FORT SAM HOUSTON, Texas –
Electrician Indalecio Morales was in a “bucket” working on
power lines when 14,000 volts of electricity shot into his chest, knocking him
unconscious. He doesn’t recall much about the accident, but vividly recalls his
flight here and the “angel” doctor who never left his side.
Morales later learned that his doctor not only is considered
one of the best burn surgeons in Texas, but is the commander of the busiest
hospital in the Department of Defense.
“I had the main guy for my doctor and the main guy for the
hospital,” said Morales, now an outpatient at the U.S Army Institute of
Surgical Research Burn Center at Fort Sam Houston. “What more could I ask for?”
Army Col. (Dr.) Evan Renz, commander of Brooke Army Medical
Center and a trauma surgeon, is among the top hospital leaders who carve out
time each week to engage in patient care. BAMC encompasses San Antonio Military
Medical Center – the largest U.S. military hospital and only Level 1 Trauma
Center in the DOD – six outpatient clinics across the region, as well as the
Center for the Intrepid, an extremity injury rehabilitation center.
While his schedule is packed with meetings, briefings and
visits with staff across the facilities he oversees, Renz has made it a
priority to serve on call as an attending surgeon at least one day a week since
he took command.
“I feel a deep sense of responsibility for knowing how
medicine is practiced within our walls, for knowing if and how we are meeting
the needs of our patients,” he said. “The single best way for me as a physician
leader to do that is to remain clinically active and see patients each week.”
Active, engaged leadership at all levels is vital to
continued success for BAMC, the colonel noted.
“Our delivery of safe, quality care is greatly enhanced when
leaders responsible for it remain intimately knowledgeable of the practices and
processes used each and every day within our system of health,” the commander
Army Col. (Dr.) Douglas Soderdahl, deputy commander for
acute care and a urologist, devotes one day a week to patient engagement. Time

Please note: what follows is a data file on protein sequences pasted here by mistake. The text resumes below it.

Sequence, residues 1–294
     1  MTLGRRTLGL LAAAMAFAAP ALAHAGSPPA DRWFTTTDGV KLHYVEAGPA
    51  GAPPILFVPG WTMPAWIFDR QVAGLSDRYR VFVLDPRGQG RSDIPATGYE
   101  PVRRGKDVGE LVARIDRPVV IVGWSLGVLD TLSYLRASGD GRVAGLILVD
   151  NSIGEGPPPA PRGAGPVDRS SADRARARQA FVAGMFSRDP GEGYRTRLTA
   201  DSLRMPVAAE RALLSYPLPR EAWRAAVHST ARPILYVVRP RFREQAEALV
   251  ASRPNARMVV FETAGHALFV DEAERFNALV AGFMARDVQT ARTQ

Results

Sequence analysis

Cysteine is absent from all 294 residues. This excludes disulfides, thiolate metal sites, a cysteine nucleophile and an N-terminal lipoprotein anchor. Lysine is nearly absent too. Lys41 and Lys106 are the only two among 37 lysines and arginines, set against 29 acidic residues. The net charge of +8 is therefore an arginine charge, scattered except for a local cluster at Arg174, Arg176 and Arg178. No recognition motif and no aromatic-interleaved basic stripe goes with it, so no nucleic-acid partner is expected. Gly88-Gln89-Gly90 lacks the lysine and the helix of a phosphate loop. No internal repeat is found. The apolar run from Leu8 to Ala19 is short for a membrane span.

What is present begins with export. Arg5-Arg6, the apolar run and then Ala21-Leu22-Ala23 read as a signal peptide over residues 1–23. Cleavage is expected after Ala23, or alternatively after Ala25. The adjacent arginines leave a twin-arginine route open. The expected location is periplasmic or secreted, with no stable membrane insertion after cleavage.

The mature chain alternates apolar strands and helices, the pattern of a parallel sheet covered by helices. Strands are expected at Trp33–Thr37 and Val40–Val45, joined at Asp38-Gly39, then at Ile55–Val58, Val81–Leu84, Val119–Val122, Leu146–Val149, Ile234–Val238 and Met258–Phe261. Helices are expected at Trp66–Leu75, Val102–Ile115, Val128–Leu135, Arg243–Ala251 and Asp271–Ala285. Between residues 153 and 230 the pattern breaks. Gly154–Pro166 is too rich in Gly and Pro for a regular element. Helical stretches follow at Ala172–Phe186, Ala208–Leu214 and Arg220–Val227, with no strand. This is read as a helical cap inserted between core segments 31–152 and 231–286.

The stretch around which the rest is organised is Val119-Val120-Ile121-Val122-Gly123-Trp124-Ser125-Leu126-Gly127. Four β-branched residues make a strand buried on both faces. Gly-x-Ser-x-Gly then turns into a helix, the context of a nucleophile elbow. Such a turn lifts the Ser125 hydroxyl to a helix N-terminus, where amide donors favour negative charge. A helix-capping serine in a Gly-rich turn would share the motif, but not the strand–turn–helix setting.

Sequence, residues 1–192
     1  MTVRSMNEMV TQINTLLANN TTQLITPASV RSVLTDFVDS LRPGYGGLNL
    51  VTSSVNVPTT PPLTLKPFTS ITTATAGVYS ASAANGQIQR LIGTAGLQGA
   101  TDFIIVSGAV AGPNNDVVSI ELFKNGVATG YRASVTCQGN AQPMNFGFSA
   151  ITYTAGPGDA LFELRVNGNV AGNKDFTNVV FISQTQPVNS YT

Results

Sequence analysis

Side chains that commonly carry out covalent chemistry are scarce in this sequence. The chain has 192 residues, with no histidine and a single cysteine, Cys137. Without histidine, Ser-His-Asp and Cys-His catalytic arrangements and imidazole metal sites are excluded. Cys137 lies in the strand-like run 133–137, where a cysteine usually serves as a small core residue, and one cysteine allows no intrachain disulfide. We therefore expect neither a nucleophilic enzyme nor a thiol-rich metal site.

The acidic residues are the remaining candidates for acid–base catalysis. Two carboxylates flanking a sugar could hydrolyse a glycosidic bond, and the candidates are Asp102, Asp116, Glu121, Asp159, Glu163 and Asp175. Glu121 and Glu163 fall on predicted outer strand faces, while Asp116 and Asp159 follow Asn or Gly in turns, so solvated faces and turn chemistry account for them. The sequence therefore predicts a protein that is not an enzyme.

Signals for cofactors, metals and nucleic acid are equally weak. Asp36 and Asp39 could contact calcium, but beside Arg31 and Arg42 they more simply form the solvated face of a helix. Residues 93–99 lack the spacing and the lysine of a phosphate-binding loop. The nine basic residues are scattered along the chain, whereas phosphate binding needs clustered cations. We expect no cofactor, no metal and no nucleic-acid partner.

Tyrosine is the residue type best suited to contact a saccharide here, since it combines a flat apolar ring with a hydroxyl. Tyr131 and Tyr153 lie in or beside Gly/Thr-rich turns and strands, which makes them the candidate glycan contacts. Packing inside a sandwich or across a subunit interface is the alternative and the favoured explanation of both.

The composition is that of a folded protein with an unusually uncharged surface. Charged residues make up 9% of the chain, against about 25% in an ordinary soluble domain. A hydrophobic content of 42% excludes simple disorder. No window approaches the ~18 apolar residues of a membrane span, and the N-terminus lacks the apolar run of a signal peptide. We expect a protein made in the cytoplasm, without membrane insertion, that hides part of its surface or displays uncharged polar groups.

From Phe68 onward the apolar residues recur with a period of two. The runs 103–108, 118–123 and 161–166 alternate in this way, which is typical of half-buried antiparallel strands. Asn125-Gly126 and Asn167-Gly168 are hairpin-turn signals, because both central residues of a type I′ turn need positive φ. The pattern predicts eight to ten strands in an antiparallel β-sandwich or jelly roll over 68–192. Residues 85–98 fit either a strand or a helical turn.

in the “trenches” has multiple benefits, he said. He’s able to maintain
continuity of care for his patients, better understand staff challenges and
fast-track needed improvements for both patients and staff.
As an added bonus, Soderdahl is able to continue mentoring
and training urology residents. “Teaching is a passion of mine,” he said. “I
hope the next generation of urologists can benefit from my experience.”
Air Force Col. (Dr.) Kimberly Pietszak, interim chief,
Department of Quality Services, and assistant chief of the Department of
Medicine, works clinical care into her daily schedule. Like Soderdahl, she
appreciates the opportunity to mentor junior providers, particularly when it
comes to her areas of expertise: quality and safety.
“I believe it is of the utmost importance to remain
clinically active,” said Pietszak, an internal medicine physician. “In my
administrative job I make decisions which impact clinical care, and my clinical
responsibilities give me perspective on how those decisions will affect our
To encourage leader-patient engagement even further, Army
Col. Richard Evans, deputy commander for nursing, implemented the “Suits to
Scrubs” program in March. One day a month, senior nurse leaders step away from
their desks and work a shift in an inpatient ward to get a “pulse check in the
organization” and experience day-to-day operations firsthand.
“It’s an opportunity for leaders to role model effective
patient communication,” he said. “We encourage staff to establish a personal
connection with patients; see them as more than just a room number or a
diagnosis, but as incredible generations of service and family members.”
This communication can lead to improvements for both
patients and staff, noted Maj. Gen. Jimmie O. Keenan, U.S. Army Medical Command’s deputy commanding general
Keenan described a recent “Suits to Scrubs” shift at SAMMC
in which she assisted a patient with a walk through the ward, asking about her
care along the way. Her patient pointed out the heavy weight of the telemetry
monitor, a portable box that monitors heart rate and rhythm, the general
recalled, while also noting marked improvements in bedside manner.
“Leaders can benefit greatly from talking with patients and
staff and learning their challenges,” said Keenan, who also serves as chief of
the Army Nurse Corps. “We can use this feedback to make changes not only at
BAMC, but across Army Medicine.”
Engaged leadership and robust process improvement are vital
in the journey to become a High Reliability Organization, which is an ongoing
commitment to provide the safest, highest quality care possible to patients,
the general said.
“At the end of the day, our patients are at the center of
everything we do,” she said.
Army Col. (Dr.) Pedro Lucero, the new assistant deputy
commander for clinical services and former chief of the Pulmonary Disease
Service, said he’s been able to strike a balance between his leadership role
and patient care. He noted his gratitude for the “100 percent” command support
of his clinical time.
“It’s a privilege to be a part of this outstanding
leadership team and still continue to make a difference for our patients and
advocate for staff in my new role,” he said.